Following five successful defenses at super middleweight, Jones moved up in class to take on legendary Mike McCallum in 1996 and once again, came away with another unanimous decision and title belt. He bedeviled a formidable Lou Del Valle at the Garden Theater later that same year and then captured every round on all three judges’ scorecard in dismantling Reggie Johnson to finally unify the 175-pound division in 1999.

Jones always enjoyed befuddling the experts and defying the critics which is why he set his sights on John Ruiz’ heavyweight crown. Making history was just part of the challenge, for the animated Jones, who tipped the scales at 193 pounds at the weigh-in, an amazing seven pounds under the limit. He adroitly peppered and dodged the plodding Ruiz and had truly reached boxing’s pinnacle platform with a resounding victory.

Following the Ruiz triumph, Jones dropped back one weight class in order to take on Florida rival and nemesis Antonio Tarver on November 8, 2003. It was Jones’ hardest fight to date. He captured a split decision, but for the first time, showed visible signs of being hit. It was an omen of things to come for the proud, but suddenly vulnerable Jones, who suffered consecutive defeats to Tarver and a surprising loss to Glen Johnson.

Down, but not out, Jones came back to score wins in his next two fights, setting up a highly-anticipated dual with Puerto Rican legend Felix “Tito” Trinidad at Madison Square Garden on January 19, 2008. A renewed Jones looked sharp and focused, flooring an overmatched Trinidad twice, in breezing to a unanimous win.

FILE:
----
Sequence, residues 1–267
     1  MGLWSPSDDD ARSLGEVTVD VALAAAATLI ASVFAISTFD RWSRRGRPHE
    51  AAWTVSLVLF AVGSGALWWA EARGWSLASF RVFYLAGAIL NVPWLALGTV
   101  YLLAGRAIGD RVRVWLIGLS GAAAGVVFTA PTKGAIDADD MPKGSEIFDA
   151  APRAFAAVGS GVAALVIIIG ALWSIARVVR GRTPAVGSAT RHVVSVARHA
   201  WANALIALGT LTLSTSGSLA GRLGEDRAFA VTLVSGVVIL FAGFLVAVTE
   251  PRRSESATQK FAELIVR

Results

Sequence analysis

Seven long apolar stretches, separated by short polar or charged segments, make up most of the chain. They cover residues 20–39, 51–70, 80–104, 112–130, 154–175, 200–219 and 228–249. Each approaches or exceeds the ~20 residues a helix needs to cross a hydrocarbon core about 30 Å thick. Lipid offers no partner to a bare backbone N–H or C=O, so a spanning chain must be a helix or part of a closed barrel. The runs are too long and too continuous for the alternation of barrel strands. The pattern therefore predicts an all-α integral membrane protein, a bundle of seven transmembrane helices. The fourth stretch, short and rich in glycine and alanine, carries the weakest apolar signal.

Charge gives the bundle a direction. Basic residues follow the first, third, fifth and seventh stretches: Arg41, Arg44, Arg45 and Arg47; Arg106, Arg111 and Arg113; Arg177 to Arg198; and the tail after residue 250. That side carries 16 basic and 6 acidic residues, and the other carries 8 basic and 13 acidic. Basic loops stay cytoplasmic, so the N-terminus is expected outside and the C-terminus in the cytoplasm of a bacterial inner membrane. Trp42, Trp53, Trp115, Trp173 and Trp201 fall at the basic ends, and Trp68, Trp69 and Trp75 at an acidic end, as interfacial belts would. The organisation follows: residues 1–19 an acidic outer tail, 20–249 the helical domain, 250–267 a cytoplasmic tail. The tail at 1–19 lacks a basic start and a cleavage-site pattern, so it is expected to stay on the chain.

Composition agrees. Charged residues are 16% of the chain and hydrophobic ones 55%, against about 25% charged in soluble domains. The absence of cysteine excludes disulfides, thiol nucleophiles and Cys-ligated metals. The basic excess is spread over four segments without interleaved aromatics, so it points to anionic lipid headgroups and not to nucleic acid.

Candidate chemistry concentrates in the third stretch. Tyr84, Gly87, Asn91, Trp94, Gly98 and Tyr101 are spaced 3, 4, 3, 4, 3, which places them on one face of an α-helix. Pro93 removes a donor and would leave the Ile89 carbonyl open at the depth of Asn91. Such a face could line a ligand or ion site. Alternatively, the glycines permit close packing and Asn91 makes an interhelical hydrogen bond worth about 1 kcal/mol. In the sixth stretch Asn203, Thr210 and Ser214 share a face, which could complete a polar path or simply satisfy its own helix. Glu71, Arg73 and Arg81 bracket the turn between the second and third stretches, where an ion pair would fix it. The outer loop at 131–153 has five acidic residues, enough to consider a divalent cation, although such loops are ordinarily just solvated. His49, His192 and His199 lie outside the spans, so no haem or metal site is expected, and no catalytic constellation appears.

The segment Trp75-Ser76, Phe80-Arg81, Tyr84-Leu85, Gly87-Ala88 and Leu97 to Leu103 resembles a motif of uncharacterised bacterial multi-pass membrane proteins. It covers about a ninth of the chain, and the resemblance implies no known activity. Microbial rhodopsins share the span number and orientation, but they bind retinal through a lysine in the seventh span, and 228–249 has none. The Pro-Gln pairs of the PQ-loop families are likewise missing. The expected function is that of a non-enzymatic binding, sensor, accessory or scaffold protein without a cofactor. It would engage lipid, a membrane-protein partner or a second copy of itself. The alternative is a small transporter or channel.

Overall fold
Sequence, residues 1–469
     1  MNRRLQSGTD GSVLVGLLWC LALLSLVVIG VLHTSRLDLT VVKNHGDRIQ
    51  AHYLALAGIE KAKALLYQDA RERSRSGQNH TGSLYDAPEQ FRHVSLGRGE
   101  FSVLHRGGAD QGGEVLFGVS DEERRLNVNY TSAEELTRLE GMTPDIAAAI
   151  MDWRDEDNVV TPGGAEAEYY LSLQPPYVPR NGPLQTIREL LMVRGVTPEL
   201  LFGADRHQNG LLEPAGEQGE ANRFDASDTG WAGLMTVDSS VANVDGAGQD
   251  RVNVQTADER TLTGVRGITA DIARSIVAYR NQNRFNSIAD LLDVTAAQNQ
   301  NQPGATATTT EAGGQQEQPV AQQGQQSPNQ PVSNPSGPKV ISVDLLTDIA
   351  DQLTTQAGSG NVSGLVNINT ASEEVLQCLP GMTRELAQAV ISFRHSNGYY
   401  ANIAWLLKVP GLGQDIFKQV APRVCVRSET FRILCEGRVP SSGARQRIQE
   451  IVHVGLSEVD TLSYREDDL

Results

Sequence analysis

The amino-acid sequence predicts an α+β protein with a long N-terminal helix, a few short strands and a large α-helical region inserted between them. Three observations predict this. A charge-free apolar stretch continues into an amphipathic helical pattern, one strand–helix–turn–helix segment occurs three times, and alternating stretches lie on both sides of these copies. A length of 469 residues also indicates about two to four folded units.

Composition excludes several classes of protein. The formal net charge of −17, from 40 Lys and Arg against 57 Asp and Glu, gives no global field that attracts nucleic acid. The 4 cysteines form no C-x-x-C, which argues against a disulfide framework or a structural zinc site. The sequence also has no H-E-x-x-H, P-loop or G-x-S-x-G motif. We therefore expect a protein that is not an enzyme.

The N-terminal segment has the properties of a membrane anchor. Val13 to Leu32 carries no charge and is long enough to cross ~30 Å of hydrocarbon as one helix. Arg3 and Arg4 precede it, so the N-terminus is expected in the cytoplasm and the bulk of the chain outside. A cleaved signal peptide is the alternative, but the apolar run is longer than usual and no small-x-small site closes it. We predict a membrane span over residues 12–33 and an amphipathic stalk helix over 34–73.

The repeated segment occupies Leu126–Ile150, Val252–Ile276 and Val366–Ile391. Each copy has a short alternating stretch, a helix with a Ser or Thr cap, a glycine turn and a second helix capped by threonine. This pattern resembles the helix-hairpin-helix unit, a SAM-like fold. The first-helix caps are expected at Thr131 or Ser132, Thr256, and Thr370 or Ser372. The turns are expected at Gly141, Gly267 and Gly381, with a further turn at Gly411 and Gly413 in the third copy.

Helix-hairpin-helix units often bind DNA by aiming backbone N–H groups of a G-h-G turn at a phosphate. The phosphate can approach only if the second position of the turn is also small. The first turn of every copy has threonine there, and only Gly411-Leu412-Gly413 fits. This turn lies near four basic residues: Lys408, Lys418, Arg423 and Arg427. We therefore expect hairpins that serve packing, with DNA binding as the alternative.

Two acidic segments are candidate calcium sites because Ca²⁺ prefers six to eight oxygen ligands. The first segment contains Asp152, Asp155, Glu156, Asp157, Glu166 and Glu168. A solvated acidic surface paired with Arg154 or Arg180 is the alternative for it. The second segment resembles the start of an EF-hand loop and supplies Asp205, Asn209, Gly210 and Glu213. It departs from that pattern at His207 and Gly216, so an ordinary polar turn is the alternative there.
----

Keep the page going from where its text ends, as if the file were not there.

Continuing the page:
Now, boxing’s former “pound-for-pound” champion takes on the current stakeholder. Calzaghe vs. Jones, two determined Hall of Fame world champions, dominant in their own places and time, risking it all and setting a course for their “Battle of the Superpowers.”

MSG Sports Properties is part of Madison Square Garden, L.P. owned by Cablevision Systems Corporation and includes the New York Knicks (NBA); the New York Rangers (NHL); the New York Liberty (WNBA); the Hartford Wolf Pack (American Hockey League); MSG Entertainment, which includes concerts and events at Radio City Music Hall, Madison Square Garden, The WaMu Theater at Madison Square Garden, the Beacon Theatre, as well as the legendary Chicago Theatre; and which manages wholly-owned live entertainment properties including the Radio City Rockettes and the Radio City Christmas Spectacular; MSG Media, which is comprised of television networks MSG and MSG Plus, and MSG Interactive which oversees all company wireless and online initiatives; Fuse, the music television network; and the Madison Square Garden arena complex, located in the heart of the New York metropolitan area.

The Calzaghe vs. Jones pay-per-view telecast, beginning at 9 p.m. ET / 6 p.m. PT, has a suggested price of $49.95, will be produced and distributed by HBO Pay-Per-View and will be available to more than 71 million pay-per-view homes. The telecast will be available in HD-TV for those viewers who can receive HD. HBO Pay-Per-View is the leading supplier of event programming to the pay-per-view industry. For Calzaghe vs. Jones fight week updates, log on to

Article posted on 17.09.2008